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College basketball rankings: Introducing T-Rank

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A projection of all 351 college basketball teams, plus a sneak peak into the Big Ten race.

Robert Hanashiro-USA TODAY Sport

One of Ken Pomeroy's interesting discoveries is that the preseason AP poll is a really good indicator of team strength -- maybe even better than the end-of-season AP poll. At first blush, this seems crazy. How can our opinions about team strength get worse after spending six months watching thousands of games?

Well, the hypothesis is that the preseason ratings are based on more objective, reliable data. Things like traditional strength of program, quality of recruits and returning players, returning minutes, etc. Once the season starts, however, our opinions of team strength become tainted by randomness: the results of actual games. These results overwhelm our objectivity, inducing us to create narratives about "heart" and "knowing how to win." But most of these narratives are just clever arrangements of statistical noise, like faces in things.

The upshot is that there is a place for more data-driven, formulaic preseason ratings. The AP preseason poll is good because human beings are very good at the kind of fuzzy logic required to take in a bunch of disparate data and form a judgment, so it is worth paying attention to. But computer ratings like Pomeroy's, Dan Hanner's and Team Rankings -- each of which use different models -- can provide different perspectives, and maybe some surprising insights in the process.

On a "the more the merrier" principle, I created my own spreadsheet-driven preseason ratings, which I call the T-Rank (T is for "terrific," of course). The methodology takes a variety of data (stats for every returning D-1 player, team returning minutes, incoming recruits, transfers in and out, weighted historical program performance, program momentum and loss of exceptional players) and spits out KenPom-style efficiency projections and a pythagorean winning percentage for every team. T-Rank is undoubtedly inferior to Pomeroy's and Hanner's preseason ratings, but the important thing is that it's a lot of fun -- and it gives me plenty of fodder for writing preseason college basketball posts.

The full 351-team T-Rank is available here, but I'm going to start with some analysis of our favorite league, the Big Ten.

T-Rank Team Pyth Proj
4 Wisconsin 0.9464
9 Michigan St. 0.9289
15 Michigan 0.9051
17 Ohio St. 0.8982
26 Minnesota 0.8506
27 Iowa 0.8465
29 Illinois 0.8401
35 Indiana 0.8211
38 Nebraska 0.8039
67 Maryland 0.7262
93 Purdue 0.6764
96 Penn St. 0.6652
137 Rutgers 0.538
150 Northwestern 0.4927

Thankfully, Wisconsin comes out on top. But then things get pretty interesting. The recent strength of Michigan State, Michigan and Ohio State powers them to top-20 ranks overall, despite fairly significant player turnover. Then Minnesota, Iowa, Nebraska and Indiana fill out the rest of the league's projected tourney teams. Nebraska is lower here than in most human projections, and this is frankly because it's hard for T-Rank to capture an abrupt turnout around like Nebraska's and project it into the future. But the Huskers did actually finish No. 44 in the final Kenpom ratings last year, so T-Rank projects them to improve a little.

Using the T-Rank efficiency projections, I can run simulations of the entire Big Ten season. Here are the results in terms of expected wins:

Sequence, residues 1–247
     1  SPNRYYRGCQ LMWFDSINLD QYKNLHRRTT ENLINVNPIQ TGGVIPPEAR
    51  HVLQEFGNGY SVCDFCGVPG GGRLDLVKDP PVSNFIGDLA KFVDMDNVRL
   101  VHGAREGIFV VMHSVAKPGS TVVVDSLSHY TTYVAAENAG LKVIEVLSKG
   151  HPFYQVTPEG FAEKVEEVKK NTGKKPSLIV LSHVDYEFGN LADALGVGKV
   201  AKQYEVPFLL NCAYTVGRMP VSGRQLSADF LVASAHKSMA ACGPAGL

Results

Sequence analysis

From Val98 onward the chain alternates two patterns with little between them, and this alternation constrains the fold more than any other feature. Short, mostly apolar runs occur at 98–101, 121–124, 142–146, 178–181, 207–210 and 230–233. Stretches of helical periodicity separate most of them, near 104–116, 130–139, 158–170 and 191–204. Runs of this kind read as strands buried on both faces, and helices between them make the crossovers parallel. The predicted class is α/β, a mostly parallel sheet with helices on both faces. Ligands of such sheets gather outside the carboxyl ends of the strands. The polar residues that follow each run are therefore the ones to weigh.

WINS Wisconsin Michigan St. Michigan Ohio St. Minnesota Illinois Iowa Indiana Nebraska Maryland Purdue Penn St. Rutgers Northwestern
18 1% 0% 0% 0% 0% 0% 0% 0% 0% 0% 0% 0% 0% 0%
17 7% 1% 0% 0% 0% 0% 0% 0% 0% 0% 0% 0% 0% 0%
16 14% 6% 2% 2% 0% 0% 0% 0% 0% 0% 0% 0% 0% 0%
15 24% 14% 6% 6% 1% 0% 0% 0% 0% 0% 0% 0% 0% 0%
14 26% 20% 13% 14% 2% 2% 3% 1% 0% 0% 0% 0% 0% 0%
13 17% 24% 19% 18% 5% 5% 5% 4% 1% 0% 0% 0% 0% 0%
12 7% 18% 22% 20% 13% 10% 9% 10% 5% 1% 0% 0% 0% 0%
11 4% 9% 18% 18% 19% 17% 17% 13% 9% 3% 1% 0% 0% 0%
10 1% 4% 12% 12% 22% 22% 21% 22% 14% 7% 3% 2% 0% 0%
9 0% 2% 5% 6% 18% 20% 19% 17% 20% 15% 7% 6% 1% 0%
8 0% 0% 3% 3% 11% 13% 15% 16% 21% 18% 14% 11% 2% 0%
7 0% 0% 1% 1% 6% 7% 8% 10% 16% 20% 21% 20% 6% 2%
6 0% 0% 0% 0% 3% 3% 3% 6% 9% 19% 21% 21% 15% 5%
5 0% 0% 0% 0% 0% 1% 1% 1% 4% 10% 16% 20% 22% 13%
4 0% 0% 0% 0% 0% 0% 0% 0% 1% 5% 11% 12% 25% 23%
3 0% 0% 0% 0% 0% 0% 0% 0% 0% 1% 5% 5% 18% 24%
2 0% 0% 0% 0% 0% 0% 0% 0% 0% 0% 1% 2% 9% 22%
1 0% 0% 0% 0% 0% 0% 0% 0% 0% 0% 0% 1% 2% 9%
AVG WINS 14.3 13.2 12.2 11.9 10.0 9.7 9.7 9.4 8.4 7.3 6.4 6.1 4.4 3.3
CHAMP % 65% 31% 15% 14% 2% 2% 3% 1% 0.4% 0.1% 0.0% 0.0% 0.0% 0.0%
Sole Champ 44% 16% 6% 6% 1% 0% 0% 0% 0% 0% 0% 0% 0% 0%

Here again we see a fairly clear distinction between the top four of the league and a muddled middle. Despite having essentially the same T-Rank as Indiana, Nebraska is projected to win one less game because it has easily the toughest schedule of any of the good teams in the Big Ten.

This is another X-Factor to keep in mind this year. With the introduction of Maryland and Rutgers to the league, the schedule can get quite unbalanced. Assuming the T-Rank is accurate, here are the projected strength of schedule ratings (red is hard, green is easy):

Team SOS rating
Northwestern 48
Nebraska 16
Penn St. 11
Iowa 7
Purdue 4
Rutgers 3
Minnesota 0
Illinois -4
Maryland -5
Indiana -8
Ohio St. -10
Michigan -15
Michigan St. -17
Wisconsin -28

Wisconsin, of course, benefits because it doesn't have to play itself, but it also has by far the easiest slate of games among the contenders. Northwestern, which T-Rank projects to be bad, also suffers from the most difficult conference schedule.

Now, I know what you're thinking: with the invention of T-Rank, what is the point of actually playing the games? This is a question for the philosophers to ponder, not me.